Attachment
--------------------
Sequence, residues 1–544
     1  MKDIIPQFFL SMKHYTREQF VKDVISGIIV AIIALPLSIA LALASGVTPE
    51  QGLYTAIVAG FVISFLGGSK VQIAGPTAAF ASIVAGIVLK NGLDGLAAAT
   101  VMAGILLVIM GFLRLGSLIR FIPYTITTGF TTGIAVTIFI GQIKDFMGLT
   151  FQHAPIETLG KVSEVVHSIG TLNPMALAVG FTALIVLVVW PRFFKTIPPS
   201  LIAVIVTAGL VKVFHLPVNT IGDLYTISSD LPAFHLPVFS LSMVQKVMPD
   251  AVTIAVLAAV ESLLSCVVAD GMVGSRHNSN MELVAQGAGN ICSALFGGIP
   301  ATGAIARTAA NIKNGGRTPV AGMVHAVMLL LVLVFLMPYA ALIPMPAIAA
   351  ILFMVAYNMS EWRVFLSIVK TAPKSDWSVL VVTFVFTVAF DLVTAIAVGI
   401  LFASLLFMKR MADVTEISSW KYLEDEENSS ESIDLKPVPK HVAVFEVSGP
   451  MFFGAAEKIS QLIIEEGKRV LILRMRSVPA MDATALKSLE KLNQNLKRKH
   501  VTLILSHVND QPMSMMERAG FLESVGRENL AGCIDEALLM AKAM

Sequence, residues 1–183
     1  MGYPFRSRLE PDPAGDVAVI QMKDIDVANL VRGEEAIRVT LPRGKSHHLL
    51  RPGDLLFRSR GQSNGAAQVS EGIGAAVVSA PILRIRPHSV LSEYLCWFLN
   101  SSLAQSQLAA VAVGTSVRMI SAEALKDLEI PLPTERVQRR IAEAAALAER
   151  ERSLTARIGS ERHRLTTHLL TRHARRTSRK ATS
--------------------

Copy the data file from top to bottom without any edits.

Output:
Sequence, residues 1–544
     1  MKDIIPQFFL SMKHYTREQF VKDVISGIIV AIIALPLSIA LALASGVTPE
    51  QGLYTAIVAG FVISFLGGSK VQIAGPTAAF ASIVAGIVLK NGLDGLAAAT
   101  VMAGILLVIM GFLRLGSLIR FIPYTITTGF TTGIAVTIFI GQIKDFMGLT
   151  FQHAPIETLG KVSEVVHSIG TLNPMALAVG FTALIVLVVW PRFFKTIPPS
   201  LIAVIVTAGL VKVFHLPVNT IGDLYTISSD LPAFHLPVFS LSMVQKVMPD
   251  AVTIAVLAAV ESLLSCVVAD GMVGSRHNSN MELVAQGAGN ICSALFGGIP
   301  ATGAIARTAA NIKNGGRTPV AGMVHAVMLL LVLVFLMPYA ALIPMPAIAA
   351  ILFMVAYNMS EWRVFLSIVK TAPKSDWSVL VVTFVFTVAF DLVTAIAVGI
   401  LFASLLFMKR MADVTEISSW KYLEDEENSS ESIDLKPVPK HVAVFEVSGP
   451  MFFGAAEKIS QLIIEEGKRV LILRMRSVPA MDATALKSLE KLNQNLKRKH
   501  VTLILSHVND QPMSMMERAG FLESVGRENL AGCIDEALLM AKAM

Sequence, residues 1–183
     1  MGYPFRSRLE PDPAGDVAVI QMKDIDVANL VRGEEAIRVT LPRGKSHHLL
    51  RPGDLLFRSR GQSNGAAQVS EGIGAAVVSA PILRIRPHSV LSEYLCWFLN
   101  SSLAQSQLAA VAVGTSVRMI SAEALKDLEI PLPTERVQRR IAEAAALAER
   151  ERSLTARIGS ERHRLTTHLL TRHARRTSRK ATS